Milan’s cathedral is a glorious pile of stone, a strange mix of the Gothic style, which never moved too terribly further south on such a grand scale, and other more Renaissance style motifs, such as the half moon lintels above the five front portals of the church.
No major cathedral is ever completely free of scaffolding, but it does not obscure the mottled white, blue and pink marble of the exterior.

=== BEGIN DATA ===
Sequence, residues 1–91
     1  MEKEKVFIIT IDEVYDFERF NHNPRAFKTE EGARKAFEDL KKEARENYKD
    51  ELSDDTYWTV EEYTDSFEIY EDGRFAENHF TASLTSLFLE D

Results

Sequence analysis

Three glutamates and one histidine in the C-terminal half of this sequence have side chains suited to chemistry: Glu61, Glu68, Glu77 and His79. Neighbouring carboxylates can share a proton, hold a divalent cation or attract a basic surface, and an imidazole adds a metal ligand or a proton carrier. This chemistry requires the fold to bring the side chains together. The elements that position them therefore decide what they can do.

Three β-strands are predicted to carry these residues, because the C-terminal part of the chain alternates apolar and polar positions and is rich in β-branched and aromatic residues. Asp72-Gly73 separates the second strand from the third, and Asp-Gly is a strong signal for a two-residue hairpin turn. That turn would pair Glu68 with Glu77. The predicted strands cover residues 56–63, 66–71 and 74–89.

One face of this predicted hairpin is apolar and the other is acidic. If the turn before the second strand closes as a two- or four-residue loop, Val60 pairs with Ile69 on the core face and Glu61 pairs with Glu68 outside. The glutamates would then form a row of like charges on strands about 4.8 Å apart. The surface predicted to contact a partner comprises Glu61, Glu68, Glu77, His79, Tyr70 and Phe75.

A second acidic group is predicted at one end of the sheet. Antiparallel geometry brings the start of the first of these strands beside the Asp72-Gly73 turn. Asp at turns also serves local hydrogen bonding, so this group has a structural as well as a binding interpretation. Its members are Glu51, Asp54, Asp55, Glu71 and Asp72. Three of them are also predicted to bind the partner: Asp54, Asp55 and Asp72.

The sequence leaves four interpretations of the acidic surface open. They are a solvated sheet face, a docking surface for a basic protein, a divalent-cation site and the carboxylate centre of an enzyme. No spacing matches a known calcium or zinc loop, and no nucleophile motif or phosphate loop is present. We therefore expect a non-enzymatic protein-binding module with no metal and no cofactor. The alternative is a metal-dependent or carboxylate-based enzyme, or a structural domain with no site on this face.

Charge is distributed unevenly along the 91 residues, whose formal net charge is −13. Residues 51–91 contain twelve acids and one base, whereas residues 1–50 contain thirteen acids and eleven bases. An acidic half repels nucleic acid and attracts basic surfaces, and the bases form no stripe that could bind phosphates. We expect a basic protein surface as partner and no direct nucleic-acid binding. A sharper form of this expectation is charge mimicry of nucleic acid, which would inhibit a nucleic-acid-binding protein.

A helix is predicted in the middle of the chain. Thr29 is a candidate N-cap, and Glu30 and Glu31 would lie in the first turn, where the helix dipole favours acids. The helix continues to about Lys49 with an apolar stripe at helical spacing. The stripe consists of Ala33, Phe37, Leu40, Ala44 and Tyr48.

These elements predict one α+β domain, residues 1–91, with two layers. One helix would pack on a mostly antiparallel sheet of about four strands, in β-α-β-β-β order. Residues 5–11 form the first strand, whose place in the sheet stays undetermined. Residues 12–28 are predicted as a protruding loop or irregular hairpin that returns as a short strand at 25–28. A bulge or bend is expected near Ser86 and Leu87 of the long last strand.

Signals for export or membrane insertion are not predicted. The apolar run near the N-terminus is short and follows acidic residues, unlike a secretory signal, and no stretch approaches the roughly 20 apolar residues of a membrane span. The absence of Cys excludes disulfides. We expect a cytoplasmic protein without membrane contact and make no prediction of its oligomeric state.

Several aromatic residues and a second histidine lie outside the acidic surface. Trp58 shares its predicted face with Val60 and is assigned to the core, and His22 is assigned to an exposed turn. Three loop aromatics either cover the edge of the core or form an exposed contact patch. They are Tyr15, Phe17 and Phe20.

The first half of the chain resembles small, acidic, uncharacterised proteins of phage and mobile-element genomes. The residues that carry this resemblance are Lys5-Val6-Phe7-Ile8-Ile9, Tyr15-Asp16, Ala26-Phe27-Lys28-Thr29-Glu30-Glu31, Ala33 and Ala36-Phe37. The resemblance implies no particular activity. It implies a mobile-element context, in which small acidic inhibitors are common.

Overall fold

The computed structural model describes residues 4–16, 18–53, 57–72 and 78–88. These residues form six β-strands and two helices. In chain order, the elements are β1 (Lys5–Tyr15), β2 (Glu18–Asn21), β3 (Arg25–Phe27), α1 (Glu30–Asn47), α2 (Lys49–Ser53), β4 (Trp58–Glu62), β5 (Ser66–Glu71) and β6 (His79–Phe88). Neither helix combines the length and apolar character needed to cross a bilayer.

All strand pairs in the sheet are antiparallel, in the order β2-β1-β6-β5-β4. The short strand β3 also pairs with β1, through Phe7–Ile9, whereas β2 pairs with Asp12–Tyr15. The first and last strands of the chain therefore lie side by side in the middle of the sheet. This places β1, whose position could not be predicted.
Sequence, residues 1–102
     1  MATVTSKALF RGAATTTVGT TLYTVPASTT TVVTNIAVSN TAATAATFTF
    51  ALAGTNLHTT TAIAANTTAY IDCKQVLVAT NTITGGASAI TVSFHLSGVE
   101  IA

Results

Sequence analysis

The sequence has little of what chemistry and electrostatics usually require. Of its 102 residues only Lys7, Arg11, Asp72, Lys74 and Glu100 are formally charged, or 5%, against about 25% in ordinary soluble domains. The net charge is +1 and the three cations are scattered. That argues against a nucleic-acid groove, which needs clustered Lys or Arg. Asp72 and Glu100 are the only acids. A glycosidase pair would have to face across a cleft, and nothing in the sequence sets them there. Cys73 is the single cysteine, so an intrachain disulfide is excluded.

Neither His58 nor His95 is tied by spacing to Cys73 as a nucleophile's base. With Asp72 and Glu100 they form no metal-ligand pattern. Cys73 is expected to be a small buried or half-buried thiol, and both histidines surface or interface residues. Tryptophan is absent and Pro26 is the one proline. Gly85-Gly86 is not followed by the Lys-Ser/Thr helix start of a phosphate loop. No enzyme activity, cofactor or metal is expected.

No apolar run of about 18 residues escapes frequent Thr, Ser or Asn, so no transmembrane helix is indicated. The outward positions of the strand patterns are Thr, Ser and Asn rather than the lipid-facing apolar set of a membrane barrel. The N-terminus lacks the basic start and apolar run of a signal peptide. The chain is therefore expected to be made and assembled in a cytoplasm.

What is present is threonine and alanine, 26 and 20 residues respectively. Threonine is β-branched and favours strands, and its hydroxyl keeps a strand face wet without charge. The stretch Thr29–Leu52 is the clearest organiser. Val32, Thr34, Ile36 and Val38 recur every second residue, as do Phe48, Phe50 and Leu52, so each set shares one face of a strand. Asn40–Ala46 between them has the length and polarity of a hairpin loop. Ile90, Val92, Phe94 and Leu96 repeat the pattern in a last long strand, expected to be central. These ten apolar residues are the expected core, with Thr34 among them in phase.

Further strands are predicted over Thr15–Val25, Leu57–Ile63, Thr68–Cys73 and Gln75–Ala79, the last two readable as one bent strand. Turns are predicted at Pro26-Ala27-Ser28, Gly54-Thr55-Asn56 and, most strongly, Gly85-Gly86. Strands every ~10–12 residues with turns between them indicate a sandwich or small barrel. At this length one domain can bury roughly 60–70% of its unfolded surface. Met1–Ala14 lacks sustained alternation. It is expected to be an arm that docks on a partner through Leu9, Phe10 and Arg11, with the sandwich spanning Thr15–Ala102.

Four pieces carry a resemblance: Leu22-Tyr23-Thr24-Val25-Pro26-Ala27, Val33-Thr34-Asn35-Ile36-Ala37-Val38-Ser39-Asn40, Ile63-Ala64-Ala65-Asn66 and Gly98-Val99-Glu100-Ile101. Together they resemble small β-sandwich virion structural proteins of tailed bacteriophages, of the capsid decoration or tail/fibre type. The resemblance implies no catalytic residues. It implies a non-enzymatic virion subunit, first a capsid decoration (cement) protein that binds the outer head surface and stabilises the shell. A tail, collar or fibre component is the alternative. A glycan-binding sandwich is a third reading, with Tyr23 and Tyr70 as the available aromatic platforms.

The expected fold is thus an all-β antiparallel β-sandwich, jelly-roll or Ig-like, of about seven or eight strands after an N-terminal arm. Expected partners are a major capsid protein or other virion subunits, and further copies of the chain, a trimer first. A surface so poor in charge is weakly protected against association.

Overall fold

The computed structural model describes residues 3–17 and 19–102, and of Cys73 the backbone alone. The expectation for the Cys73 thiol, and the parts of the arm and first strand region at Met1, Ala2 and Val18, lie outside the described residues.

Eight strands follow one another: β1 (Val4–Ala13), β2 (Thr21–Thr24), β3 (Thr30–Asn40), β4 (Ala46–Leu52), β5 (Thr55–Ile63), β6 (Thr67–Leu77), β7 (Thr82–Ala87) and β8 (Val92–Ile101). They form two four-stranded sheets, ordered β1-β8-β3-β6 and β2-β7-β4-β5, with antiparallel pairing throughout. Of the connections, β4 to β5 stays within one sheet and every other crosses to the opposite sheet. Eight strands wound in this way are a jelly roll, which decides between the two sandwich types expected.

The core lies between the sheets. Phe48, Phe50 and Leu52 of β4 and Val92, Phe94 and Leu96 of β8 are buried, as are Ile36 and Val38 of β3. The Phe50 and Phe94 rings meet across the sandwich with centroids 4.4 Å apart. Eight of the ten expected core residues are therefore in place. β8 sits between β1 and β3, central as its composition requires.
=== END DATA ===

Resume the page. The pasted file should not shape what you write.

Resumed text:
The cathedral is one of the largest churches in the world, and when you’re standing up next to it, you do get a sense of its massiveness.
But perhaps without any other accompanying buildings of the same scale, it is hard to get a sense of proportion.
The giant bronze doors are the few elements that break with the stones’ multi-colored hegemony.
The exterior sculpture clearly represents many different eras, from different periods in the cathedral’s construction.
Humor also comes out, as in such elements as this man’s face below.